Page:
What I enjoyed seeing that night was how many people (who paid money to get there) brought their kids. Many elementary age kids were there and they were all smiles. Of course, many adults were getting items signed, but you could definitely see the glow on the faces of all the kids there. The players seemed to enjoy seeing the kids and signing their hats or jerseys, too. You could bring in your own items, but they also had things you could buy there (shirts, hats, etc.) to have signed with the profits going to the hospital.
Before the meal is served, that is when the players are around the restaurant. There is also a silent auction going on and other fundraising activities (that we didn't really participate in, so I can't comment much on that). Once the meal started, each player was "assigned" a few tables. Mikko Koivu was our waiter and he was phenomenal! He was laughing and joking with us and made sure our wine glasses stayed full (as that was his primary job!). We loved hearing his accent and he also made sure to bring Jordan a signed apron from all of the Wild players at the end of the night.
Of course, the food was amazing. After the meal, they played the video segment we had taped. If you are asking for emotions, this is when it gets hard. It was hard to see yourself and your family being featured at a benefit you have never even heard of before. Seeing your child's story played for 200 + people is a strange feeling. Knowing that a professional hockey team is watching is just a surreal experience. Jordan - she doesn't notice any of it. She is a very down-to-earth child and takes everything in stride. For her, it was a fun experience. For myself and my husband, knowing what a once in a lifetime experience this was is something we will definitely treasure.
They also had a live auction (a trip for 2 to Los Angeles on the Wild team plane, see a game, etc.) and a personal dinner with the chef from Pazzaluna's. They also had a raffle for the aprons each player was wearing (embroidered, signed). All told, they raised about $115,000 for Children's Hospitals.
As for the favorite part of the night...all of it! The kids really enjoyed meeting Cal Clutterbuck. They wanted him to sign their arms so they could show if off at school the next day. He added a little heart to Jordan's arm, which she thought was awesome. Both of our kids have a stronger attachment to the Wild, now. They can see the players on the TV/news/etc and remember which one it was, what he was wearing or serving. I cannot think of anything that was negative about the entire night. We knew it would be great, but it was even better than we imagined.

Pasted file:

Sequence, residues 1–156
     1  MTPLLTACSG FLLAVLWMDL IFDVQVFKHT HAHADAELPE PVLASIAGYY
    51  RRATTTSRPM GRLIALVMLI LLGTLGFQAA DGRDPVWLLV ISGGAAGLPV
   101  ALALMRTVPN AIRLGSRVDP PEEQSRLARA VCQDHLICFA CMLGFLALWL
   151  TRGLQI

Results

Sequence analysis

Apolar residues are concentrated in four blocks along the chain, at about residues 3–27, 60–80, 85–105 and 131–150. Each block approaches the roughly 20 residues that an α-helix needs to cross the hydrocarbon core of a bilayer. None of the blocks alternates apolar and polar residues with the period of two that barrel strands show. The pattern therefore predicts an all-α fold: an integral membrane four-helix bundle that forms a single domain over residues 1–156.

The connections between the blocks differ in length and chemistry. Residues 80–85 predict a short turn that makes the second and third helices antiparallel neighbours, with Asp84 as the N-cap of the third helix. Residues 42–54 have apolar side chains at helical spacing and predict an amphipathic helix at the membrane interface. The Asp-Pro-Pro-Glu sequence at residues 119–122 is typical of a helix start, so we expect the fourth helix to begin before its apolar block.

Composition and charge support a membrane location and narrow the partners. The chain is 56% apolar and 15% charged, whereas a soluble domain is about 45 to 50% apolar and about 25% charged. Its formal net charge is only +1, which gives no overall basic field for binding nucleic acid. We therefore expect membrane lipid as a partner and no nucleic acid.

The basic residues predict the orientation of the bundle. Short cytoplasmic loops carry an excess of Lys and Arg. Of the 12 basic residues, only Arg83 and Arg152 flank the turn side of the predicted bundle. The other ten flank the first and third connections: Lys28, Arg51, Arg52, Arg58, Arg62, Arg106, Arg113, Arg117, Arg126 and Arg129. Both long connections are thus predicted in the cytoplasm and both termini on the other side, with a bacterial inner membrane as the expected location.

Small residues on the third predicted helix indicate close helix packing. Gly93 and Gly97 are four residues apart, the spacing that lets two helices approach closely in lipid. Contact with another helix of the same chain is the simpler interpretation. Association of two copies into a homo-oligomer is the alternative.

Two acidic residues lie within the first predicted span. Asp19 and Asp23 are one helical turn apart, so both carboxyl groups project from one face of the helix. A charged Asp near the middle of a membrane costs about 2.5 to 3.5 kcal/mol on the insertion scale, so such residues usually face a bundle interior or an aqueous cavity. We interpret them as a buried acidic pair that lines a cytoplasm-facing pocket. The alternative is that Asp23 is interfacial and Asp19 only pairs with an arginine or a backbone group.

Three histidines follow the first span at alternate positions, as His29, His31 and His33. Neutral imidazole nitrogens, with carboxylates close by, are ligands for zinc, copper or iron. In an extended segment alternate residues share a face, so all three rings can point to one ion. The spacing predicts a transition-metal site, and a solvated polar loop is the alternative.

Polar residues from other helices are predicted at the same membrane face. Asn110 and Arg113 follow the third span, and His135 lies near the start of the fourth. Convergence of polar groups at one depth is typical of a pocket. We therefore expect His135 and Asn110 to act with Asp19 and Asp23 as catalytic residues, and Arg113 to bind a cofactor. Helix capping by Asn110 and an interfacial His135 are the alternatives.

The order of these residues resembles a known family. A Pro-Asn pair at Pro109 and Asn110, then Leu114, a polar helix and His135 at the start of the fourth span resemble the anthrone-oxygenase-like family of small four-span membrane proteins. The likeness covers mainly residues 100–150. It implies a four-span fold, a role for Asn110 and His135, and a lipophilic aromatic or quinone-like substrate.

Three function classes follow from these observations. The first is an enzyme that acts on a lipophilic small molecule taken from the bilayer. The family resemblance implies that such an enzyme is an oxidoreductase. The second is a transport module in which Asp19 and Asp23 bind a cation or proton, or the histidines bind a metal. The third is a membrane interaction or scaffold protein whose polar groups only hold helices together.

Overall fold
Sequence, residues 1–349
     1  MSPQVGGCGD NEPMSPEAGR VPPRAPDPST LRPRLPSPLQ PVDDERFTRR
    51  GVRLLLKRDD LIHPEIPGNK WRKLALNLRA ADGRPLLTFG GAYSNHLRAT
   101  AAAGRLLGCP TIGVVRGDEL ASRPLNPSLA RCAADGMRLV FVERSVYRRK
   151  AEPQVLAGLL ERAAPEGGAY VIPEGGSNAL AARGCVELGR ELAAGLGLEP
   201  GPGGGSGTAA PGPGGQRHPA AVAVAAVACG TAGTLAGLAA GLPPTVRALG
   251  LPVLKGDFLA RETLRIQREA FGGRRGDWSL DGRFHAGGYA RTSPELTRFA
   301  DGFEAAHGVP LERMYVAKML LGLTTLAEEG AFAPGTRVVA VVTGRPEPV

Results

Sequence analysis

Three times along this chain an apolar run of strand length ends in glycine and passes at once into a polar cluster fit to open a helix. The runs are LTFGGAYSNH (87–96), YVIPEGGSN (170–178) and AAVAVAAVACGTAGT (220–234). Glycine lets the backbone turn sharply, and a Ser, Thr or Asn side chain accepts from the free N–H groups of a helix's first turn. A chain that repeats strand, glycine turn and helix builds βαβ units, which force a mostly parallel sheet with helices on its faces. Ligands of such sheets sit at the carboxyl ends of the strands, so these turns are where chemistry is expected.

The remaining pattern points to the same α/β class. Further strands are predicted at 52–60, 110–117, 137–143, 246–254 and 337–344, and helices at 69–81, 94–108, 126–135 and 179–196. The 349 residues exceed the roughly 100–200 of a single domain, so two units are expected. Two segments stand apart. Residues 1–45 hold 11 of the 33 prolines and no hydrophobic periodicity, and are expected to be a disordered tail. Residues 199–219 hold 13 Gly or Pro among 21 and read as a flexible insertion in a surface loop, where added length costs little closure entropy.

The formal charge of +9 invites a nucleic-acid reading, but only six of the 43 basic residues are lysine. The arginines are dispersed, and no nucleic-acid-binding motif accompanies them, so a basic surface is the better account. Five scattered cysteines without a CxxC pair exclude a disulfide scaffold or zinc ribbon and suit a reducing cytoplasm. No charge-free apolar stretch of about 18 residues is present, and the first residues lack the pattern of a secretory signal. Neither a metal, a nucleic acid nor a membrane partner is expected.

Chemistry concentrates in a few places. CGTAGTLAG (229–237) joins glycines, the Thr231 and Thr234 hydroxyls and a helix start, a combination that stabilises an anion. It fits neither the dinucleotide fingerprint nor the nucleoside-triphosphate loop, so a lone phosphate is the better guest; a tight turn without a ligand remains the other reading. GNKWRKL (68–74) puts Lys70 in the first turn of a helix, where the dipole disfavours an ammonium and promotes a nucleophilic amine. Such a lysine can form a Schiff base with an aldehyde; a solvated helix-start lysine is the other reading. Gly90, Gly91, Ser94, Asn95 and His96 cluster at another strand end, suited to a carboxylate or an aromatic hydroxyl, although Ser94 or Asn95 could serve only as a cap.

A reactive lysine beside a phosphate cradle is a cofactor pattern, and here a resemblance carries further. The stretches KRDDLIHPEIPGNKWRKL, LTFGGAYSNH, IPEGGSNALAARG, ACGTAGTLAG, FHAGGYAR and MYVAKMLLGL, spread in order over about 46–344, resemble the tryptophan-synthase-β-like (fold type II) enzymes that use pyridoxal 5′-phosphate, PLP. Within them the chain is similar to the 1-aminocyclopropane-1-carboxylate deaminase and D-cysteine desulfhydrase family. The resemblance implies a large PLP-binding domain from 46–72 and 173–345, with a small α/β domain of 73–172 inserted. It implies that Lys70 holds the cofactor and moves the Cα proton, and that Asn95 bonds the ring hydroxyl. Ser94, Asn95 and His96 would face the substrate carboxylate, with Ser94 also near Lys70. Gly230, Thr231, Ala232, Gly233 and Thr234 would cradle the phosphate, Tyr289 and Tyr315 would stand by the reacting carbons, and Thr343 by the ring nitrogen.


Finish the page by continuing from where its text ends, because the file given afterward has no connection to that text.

If you are a true Wild fan, this would be the ulitmate experience. I am not sure how everyone finds out about this or the cost, but it is typically held the end of November/beginning of December and always at Pazzaluna's. I can't imagine there is another place to get this much contact with this many players at one time. It is the only event the Wild expects all players to attend, we were told. And of course, it is for a great cause.
From the editor:
Thank you to Jennifer for sharing this story. It gives this event a reality that is was lacking, at least to me. While we all know these events take place, it feels as though they happen in another time and place. The link to a real person, a real family, that not only was there, but that were the guests of honor truly makes this event real.
To Jordan - we here at Hockey Wilderness wish you continued good health, and we all hope that your love of the game never dies.
Amazing event, amazing story. I am beyond thankful that we were lucky enough to be able to share it with you.